|Dogbane vs. milkweed, look for the hairs under magnification|
We had read about a bitterness associated with the plant and the sap, and possible poisonous characteristics of the sap. We also read some strongly worded arguments about the non-bitterness of milkweed. Most people who have actually gone out and really tried milkweed seem to agree that it is not bitter, and does not need to be boiled in 3 changes of water to make it safe to eat. We decided to go a safe middle route, and boiled our milkweed once for about 8 minutes. All parts we tried after a initial boiling-the shoots, flower buds, and pods-were very tasty and not bitter at all. I will admit that once we used the boiled parts in a recipe and the milkweed was cooked again, it tasted even better. Milkweed is a wonderful addition to recipes as a vegetable, it's flavor resembles green beans.
In the spring, we went to open areas that we knew had milkweed growing in them last year. Sometimes you can find the dead, dry stalks from last year. The shoots are best picked when they are 6-12 inches tall. At that stage their leaves are still partially closed along the stems. They are tender and can be gathered without a knife by pinching the stalks off. We boiled them and ate most of them plain with a pat of butter and a shake of salt. These are great spring vegetables.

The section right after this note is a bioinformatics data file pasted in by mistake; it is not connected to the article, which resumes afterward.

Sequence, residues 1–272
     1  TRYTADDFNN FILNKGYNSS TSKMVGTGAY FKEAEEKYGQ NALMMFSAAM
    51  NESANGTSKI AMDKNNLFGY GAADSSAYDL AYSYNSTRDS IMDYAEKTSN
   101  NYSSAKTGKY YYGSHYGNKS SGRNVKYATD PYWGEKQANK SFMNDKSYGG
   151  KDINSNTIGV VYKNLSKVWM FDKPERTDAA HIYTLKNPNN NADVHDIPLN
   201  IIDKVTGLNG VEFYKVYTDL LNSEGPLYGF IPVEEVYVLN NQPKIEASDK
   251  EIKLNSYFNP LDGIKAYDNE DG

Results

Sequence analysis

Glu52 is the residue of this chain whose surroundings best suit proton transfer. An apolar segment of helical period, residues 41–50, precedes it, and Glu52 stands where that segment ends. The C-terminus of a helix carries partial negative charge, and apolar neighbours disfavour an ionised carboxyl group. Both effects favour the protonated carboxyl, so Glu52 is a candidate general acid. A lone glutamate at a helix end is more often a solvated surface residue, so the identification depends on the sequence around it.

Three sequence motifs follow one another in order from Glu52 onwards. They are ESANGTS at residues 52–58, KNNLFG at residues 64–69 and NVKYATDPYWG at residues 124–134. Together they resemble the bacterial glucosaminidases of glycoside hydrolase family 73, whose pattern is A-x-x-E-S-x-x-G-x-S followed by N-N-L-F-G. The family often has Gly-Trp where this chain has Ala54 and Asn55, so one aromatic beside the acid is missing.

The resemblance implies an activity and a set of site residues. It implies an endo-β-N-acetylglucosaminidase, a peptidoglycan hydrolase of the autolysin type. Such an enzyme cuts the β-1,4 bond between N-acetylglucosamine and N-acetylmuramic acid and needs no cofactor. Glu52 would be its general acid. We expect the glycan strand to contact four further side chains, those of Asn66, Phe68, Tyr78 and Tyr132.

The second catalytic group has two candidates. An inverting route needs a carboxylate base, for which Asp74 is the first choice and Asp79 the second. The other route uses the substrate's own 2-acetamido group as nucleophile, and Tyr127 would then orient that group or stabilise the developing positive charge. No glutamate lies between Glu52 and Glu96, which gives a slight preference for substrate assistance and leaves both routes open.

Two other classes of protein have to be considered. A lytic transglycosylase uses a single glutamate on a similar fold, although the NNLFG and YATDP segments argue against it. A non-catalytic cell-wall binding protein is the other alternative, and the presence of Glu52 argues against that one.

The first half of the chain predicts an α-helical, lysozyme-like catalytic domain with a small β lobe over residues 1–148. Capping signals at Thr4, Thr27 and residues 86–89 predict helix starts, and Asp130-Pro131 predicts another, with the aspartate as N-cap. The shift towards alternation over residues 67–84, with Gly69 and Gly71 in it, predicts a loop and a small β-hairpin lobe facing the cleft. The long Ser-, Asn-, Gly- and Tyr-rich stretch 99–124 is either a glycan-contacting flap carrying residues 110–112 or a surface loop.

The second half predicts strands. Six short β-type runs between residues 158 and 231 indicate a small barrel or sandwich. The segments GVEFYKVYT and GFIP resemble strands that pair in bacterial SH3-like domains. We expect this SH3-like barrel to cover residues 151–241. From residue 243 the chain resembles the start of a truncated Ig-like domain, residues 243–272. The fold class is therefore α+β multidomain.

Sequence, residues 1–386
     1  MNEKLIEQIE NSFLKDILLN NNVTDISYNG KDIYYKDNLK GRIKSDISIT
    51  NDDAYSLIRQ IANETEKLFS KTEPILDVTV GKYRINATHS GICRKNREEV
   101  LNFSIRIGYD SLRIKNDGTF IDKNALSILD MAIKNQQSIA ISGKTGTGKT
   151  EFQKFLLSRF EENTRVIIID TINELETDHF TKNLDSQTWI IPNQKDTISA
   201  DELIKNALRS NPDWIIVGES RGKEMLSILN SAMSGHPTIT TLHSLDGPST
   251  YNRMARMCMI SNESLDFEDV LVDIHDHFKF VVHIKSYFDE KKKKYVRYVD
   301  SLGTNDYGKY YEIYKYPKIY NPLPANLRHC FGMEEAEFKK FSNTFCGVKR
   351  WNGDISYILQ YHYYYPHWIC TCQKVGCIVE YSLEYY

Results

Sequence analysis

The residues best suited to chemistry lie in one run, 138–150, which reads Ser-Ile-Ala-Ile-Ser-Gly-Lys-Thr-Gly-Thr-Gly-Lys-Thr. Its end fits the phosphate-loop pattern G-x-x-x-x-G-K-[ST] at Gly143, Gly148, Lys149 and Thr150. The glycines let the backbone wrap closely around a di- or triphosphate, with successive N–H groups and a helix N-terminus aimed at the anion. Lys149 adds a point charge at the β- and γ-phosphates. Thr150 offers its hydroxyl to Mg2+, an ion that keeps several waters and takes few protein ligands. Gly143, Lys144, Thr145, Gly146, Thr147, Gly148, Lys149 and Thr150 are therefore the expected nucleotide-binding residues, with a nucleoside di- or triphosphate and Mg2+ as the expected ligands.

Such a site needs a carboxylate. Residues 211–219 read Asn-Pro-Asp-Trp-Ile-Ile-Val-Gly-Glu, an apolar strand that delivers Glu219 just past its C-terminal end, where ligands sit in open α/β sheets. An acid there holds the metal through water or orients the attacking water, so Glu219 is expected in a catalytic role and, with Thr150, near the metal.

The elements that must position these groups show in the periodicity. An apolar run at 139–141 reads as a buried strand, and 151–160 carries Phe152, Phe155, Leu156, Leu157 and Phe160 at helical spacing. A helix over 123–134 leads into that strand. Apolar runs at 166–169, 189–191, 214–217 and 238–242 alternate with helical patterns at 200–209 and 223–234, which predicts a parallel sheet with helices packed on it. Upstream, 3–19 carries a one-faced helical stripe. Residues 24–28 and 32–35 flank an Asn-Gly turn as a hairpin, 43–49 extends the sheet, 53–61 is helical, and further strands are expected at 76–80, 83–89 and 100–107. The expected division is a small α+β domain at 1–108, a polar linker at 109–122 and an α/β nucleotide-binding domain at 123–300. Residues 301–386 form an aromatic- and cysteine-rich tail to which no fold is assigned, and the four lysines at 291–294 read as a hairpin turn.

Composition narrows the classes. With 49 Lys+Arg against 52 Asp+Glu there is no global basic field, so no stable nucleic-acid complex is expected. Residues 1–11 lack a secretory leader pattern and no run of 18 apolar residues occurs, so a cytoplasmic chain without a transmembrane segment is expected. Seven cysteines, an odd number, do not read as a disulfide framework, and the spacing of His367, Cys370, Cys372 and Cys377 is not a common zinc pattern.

The pods came very early this year with all of the rain in the spring and high heat this summer. Pods on different plants are all in different stages of readiness, so we can go out for multiple harvests. The pods we are gathering to eat are actually immature, the insides are completely white and the outside green shell is still tender. We picked pods between 1-3 inches long. Robert boiled them for 5 minutes, and some were popping open. We tried them plain, but the flavor was greatly improved when we then chopped and stir-fried them with soy sauce. I also took the boiled pods, split them along their seam, removed the white pre-silk, and stuffed them with a cream cheese, jalapeno and red onion mixture and baked them topped with breadcrumbs. I stuffed some other pods with buttered basmati rice mixed with the cooked pre-silk, and baked those in a yellow pepper sauce. The pods make another fantastic wild vegetable.